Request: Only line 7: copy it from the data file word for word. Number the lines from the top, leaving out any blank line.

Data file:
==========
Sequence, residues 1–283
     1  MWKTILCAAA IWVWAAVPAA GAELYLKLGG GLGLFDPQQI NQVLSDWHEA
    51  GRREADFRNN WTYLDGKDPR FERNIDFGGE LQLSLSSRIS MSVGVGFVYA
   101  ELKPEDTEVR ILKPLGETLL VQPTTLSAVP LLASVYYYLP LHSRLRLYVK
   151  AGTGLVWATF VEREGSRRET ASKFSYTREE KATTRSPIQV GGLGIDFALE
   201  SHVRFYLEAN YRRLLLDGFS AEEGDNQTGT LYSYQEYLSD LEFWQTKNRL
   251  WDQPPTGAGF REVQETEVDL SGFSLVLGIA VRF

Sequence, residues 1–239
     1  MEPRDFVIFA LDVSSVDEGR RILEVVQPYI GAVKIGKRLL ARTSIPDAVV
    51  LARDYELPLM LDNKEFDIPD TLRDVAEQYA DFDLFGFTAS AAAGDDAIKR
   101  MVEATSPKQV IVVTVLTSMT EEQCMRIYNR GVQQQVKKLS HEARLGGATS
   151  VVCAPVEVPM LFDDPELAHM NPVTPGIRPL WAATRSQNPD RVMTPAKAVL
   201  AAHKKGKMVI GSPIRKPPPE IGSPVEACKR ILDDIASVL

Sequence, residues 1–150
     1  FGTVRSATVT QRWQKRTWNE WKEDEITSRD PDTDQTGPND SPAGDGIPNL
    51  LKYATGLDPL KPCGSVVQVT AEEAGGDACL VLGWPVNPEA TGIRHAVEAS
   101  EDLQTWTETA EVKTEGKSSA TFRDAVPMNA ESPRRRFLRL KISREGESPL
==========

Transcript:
   251  WDQPPTGAGF REVQETEVDL SGFSLVLGIA VRF